There are an estimated 717 plans between $1-$3 billion, with probably 200 that have been litigated, leaving room for maybe 300 more.
There are lots of plans with administrative costs above $50 a head, or even more with at least one high fee option, along with all the other attributes like brokerage windows like the largest plans.
401(k) plans of $500m – $1 billion There are 961 plans between $500m $1 billion, with probably only 50 or less cases litigated. This area will probably have the most explosive growth, with well over 600 plans with high fee providers. There are many higher fee insurance recordkeepers in this group and conflicted consultants, along with share class violations in many funds.
401(k) plans of $200m – $500m There are 2259 plans between $200-$500 million. 2022 will start to see a great growth in litigation in this area. Plans in this group who start fixing their plans could greatly minimize their chances of litigation. I still guess that over 1500 plans could be subject to litigation. There are even more higher fee insurance recordkeepers in this group and conflicted consultants, along with share class violations in many funds.
403(b) plans ERISA 403(b) plans include: not-for-profit hospitals, and not-for-profit universities, private not-for-profit K-12 schools. Non-ERISA 403(b) plans include public K-12 schools, public universities and some university related hospitals.
The largest 30 or so private universities 403(b)s have already been hit with litigation. Northwestern is typical with 3 different recordkeepers Fidelity, Vanguard, & TIAA. This portion of the 403(b) market with multiple recordkeepers is unique as almost all 401(k), which is more oriented toward single record keeper, so all could be litigated around administrative costs. Fidelity and TIAA also have high-cost options and TIAA has high-cost higher risk annuity options as well. The next 100 or so private universities will be at great risk of litigation.
The big wave of 403(b) litigation will probably be hospitals. While they typically only have one recordkeeper, they are much more likely than 401(k) plans of the same size to use higher fee (especially insurance company) based platforms.
401(k) plans of $50m – $200m There are an estimated 8646 plans between $50-$200 million. I predict litigation will be low in 2022 as there are so many larger targets. However, over the next decade it could pick up. This gives plans in this size range time to clean up their plans, giving maximum value to participants while minimizing litigation risk in the future.
Higher fee insurance recordkeepers, conflicted consultants along with multiple share class violations, are rampant in this group with much higher percentage.
401(k) plans of $20-$50m and $5-20m There are an estimated 14915 plans between $20-$50 million and an estimated 69343 plans between $5-$20 million. I predict that litigation involving these plans will be rare during the next 5 years, as there are so many larger targets, but over the next decade it could pick up. This gives plans in this size range time to clean up their plans, giving maximum value to participants while minimizing litigation risk in the future.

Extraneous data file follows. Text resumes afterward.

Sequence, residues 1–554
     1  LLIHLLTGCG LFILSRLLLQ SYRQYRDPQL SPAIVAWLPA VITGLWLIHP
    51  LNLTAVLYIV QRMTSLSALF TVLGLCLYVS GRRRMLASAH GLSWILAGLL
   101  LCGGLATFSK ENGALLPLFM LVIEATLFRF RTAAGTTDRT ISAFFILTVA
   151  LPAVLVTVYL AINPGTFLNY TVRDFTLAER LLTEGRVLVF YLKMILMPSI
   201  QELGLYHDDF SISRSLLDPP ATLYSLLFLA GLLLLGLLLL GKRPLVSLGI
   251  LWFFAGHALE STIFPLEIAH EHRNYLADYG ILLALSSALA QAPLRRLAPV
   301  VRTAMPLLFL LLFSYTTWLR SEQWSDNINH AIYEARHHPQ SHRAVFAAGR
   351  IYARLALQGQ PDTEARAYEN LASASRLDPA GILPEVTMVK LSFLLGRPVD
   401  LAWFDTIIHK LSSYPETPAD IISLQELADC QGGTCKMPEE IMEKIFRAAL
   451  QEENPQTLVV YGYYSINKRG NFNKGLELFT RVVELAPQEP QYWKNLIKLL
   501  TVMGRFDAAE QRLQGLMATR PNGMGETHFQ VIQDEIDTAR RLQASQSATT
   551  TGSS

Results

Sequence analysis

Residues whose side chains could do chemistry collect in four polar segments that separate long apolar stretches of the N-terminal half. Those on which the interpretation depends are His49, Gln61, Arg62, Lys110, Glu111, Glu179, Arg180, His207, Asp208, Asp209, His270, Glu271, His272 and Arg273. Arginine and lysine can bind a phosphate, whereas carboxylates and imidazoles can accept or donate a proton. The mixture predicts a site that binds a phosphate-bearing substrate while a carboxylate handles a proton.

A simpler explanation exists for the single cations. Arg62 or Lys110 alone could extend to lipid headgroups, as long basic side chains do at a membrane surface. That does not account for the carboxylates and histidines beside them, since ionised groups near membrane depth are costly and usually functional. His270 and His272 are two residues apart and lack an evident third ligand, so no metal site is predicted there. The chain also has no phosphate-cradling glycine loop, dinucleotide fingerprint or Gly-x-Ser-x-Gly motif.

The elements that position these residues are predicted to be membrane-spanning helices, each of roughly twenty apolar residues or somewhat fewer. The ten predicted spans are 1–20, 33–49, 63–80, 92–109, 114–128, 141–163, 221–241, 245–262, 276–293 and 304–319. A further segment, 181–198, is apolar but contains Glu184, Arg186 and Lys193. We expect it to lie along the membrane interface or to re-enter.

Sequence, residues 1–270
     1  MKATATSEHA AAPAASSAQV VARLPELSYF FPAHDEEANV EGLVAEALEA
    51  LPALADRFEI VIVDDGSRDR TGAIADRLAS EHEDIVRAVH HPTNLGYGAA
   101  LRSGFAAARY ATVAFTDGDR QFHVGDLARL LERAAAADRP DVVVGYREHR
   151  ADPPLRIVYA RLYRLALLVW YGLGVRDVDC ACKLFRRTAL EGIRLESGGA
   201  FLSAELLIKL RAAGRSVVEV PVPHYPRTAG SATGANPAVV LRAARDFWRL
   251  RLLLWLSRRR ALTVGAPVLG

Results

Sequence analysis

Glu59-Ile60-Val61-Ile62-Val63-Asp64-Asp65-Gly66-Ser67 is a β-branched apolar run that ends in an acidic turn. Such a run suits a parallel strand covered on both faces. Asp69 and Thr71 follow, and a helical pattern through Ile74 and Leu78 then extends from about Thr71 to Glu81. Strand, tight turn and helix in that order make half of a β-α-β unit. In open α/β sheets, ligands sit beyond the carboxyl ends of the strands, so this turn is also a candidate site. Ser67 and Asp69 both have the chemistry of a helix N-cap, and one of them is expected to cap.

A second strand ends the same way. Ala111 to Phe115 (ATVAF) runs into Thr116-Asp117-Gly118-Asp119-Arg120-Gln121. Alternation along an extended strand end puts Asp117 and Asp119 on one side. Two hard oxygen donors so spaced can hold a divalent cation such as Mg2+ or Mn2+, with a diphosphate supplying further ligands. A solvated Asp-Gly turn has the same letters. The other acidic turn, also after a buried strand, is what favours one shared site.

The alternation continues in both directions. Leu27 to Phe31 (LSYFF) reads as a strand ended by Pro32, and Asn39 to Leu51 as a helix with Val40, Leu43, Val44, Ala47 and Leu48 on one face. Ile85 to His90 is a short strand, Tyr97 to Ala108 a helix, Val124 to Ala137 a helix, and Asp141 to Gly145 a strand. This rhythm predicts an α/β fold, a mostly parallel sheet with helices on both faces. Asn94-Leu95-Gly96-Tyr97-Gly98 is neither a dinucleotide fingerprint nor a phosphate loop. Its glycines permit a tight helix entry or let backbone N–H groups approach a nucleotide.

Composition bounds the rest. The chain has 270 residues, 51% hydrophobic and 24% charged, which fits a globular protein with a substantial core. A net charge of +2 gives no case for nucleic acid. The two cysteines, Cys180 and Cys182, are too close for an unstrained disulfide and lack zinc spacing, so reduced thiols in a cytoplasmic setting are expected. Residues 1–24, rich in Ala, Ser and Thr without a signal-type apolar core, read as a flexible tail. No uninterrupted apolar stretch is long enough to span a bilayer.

Parting Thoughts 401(k) litigation is only in its infancy, with only 15-20 percent of the 3000 potential largest complaints filed. This number could triple if the litigation goes down to plans from $50-$200 million. All of the controversy now is mostly in the largest cases being litigated. Most of these smaller cases are much more clear-cut regarding potential fiduciary violations.
Plans can fix themselves or wait to be sued. Unfortunately, many are close-minded, relying solely on conflicted advice from brokers and insurance agents that tell plans that they are OK when they actually are not. Many plans will be in for a rude awakening.
Whenever plan sponsors and plan advisers talk about 401(k) litigation, they always point the finger at those bad ‘ol ERISA plaintiff attorneys. Since I am one of those bad folks, I respectfully disagree with such sentiments. I respectfully suggest that plan sponsors should look in the mirror to see the real party for such litigation. As the famous comic strip, “Pogo,” once said, “we have met the enemy and he is us.”
Whenever I talk with a CEO and or a 401(k) investment committee, this is the first graphic I show them. Most plan advisers insist on plan sponsors agree to an advisory contract that contains a fiduciary disclaimer clause. Many plan sponsors are not aware that they have agreed to such a provision since they are usually set out in legalese. But they are usually there.
When a plan sponsor agrees to such a clause, it waives important protections for both itself and the plan participants. With a fiduciary disclaimer clause, securities licensed advisers can claim to be subject to Regulation “Best Interest” (Reg BI) rather than the more demanding duties of loyalty and prudence required under a true fiduciary standard.